the forecast Africa Africa – given the range of its geographic and economic conditions – is recovering at a different pace. While the global economy shrank in 2008-2009, the Sub-saharan Africa’s economy managed to grow another 2% in 2009 and its growth rate in 2010 was close to 5%. Recovery in Nigeria, Africa's largest oil exporting economy, continues to be on track, and will show further positive signs as both oil production and prices keep on improving. The continued robust growth in the non-oil sector will be a major contributing factor. Chinese investment and trade has increased dramatically in recent years in Angola and Nigeria. Business Jet Penetration Forecast - Africa Fleet per capita vs. GDP per capita, 1960-2030 Fleet per 100 Million Population (Log Scale) 100 10 Sources: Ascend, IMF, IHS Global Insight, UN Population Project, Bombardier forecast. Includes very light jets. South Africa went into recession following a sharp slowdown in the mining and manufacturing sectors. The construction industry, on the other hand, has benefited from a huge program of government investment to prepare for the 2010 World Cup. The ongoing turmoil in Egypt, Tunisia, and Libya has substantially disrupted economic BombardierBusinessAircraft | MarketForecast2011-2030 40 2010 2030 Actual Forecast 1 1960 100 1,000 GDP per Capita (USD, Log Scale) 10,000 activity in North Africa and will continue to weigh on the economies in these countries over the next several months. Tourism and investment have been hit hard and are expected to continue to slump in the near term given the new political uncertainties facing the region, while normal business activities have also been impaired by the crisis.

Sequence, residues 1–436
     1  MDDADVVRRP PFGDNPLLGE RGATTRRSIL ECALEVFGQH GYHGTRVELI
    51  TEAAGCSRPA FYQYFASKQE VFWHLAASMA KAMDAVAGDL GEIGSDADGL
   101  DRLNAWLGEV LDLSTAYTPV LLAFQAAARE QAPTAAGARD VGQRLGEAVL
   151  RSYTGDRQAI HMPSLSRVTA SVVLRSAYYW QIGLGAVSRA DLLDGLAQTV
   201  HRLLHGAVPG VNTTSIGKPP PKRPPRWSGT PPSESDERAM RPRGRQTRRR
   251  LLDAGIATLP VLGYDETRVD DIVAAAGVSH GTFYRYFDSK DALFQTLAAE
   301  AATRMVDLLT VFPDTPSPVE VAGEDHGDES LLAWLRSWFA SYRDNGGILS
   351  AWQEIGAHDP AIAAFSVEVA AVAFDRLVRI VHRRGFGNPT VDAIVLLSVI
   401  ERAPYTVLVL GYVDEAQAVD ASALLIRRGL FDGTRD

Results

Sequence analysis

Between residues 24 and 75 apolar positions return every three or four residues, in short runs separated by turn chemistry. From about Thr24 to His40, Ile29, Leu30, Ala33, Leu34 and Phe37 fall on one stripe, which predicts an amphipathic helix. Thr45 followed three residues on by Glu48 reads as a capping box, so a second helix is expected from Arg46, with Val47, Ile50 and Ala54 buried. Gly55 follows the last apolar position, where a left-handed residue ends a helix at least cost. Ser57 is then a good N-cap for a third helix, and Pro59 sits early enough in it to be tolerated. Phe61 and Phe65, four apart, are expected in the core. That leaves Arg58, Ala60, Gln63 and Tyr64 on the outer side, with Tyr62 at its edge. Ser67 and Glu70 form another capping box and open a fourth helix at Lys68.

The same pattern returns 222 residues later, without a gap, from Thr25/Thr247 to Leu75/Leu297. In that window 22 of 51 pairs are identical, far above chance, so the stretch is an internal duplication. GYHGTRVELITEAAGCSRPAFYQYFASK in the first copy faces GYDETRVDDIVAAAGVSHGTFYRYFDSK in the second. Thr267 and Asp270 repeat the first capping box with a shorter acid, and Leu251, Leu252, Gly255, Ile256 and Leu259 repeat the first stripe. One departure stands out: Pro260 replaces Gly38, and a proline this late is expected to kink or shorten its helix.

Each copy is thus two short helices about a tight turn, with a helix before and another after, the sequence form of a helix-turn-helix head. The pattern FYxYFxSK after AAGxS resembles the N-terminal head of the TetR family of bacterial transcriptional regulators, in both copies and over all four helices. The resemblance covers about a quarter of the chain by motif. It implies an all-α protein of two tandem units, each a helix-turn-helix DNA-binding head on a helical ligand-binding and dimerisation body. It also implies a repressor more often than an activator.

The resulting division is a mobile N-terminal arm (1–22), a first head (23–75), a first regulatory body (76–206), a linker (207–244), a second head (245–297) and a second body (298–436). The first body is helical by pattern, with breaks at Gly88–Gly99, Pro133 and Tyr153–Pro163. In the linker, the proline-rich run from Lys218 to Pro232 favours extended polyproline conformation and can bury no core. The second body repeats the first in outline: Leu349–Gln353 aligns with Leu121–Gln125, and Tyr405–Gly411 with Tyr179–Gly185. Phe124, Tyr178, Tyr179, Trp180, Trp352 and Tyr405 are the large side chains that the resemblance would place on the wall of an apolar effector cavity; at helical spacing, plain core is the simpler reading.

the forecast Africa (continued) According to the African Economic Outlook by the OECD released in June 2011, recent political events in North Africa and high food and fuel prices are likely to slow the continent’s growth down to 3.7% in 2011. During this year, Sub-saharan Africa will grow faster than North Africa. From 2011 to 2030, Africa’s growth is predicted to average 4.4% per year, according to IHS Global Insight. Due to the low economic growth over the past 50 years, business aviation did not take root in Africa. The fleet in the region is relatively small, representing only 2% of the worldwide fleet. Technical support remains minimal and lack of trained pilots increases the costs of operating a business jet. However, things could begin to change due to a prosperous outlook on the horizon. Africa is now one of the world’s fastestgrowing regions. South Africa held the 2010 World Cup, and its economy and infrastructure highly benefited from the event. Although taxes are high in some countries, this is not a limitation for aircraft sales. Gaps in scheduled airline service will mean growth opportunities for business aviation, but at a slow rate of penetration. Fleet Evolution Forecast - Africa Fleet, Deliveries, Retirements; 2010-2030 320 325 Sources: Ascend, Bombardier forecast. Excludes Very Light Jet and Large Corporate Airline categories. As the forecast business jet penetration curve shows, fleet per 100 million population is expected to grow from 37 to 80 over the next 20 years. Africa will receive 800 business jet deliveries during the 2010-2030 period, 325 aircraft between 2011 and 2020, and 475 aircraft between 2021 and 2030. The 2010 fleet of 320 business jets will grow to 950 aircraft by 2030, with a fleet growth CAGR of approximately 6%. 80 565 Fleet 2010 Deliveries Retirements Fleet 2020 Deliveries Retirements Fleet 2030 475 BombardierBusinessAircraft | MarketForecast2011-2030 41 90 950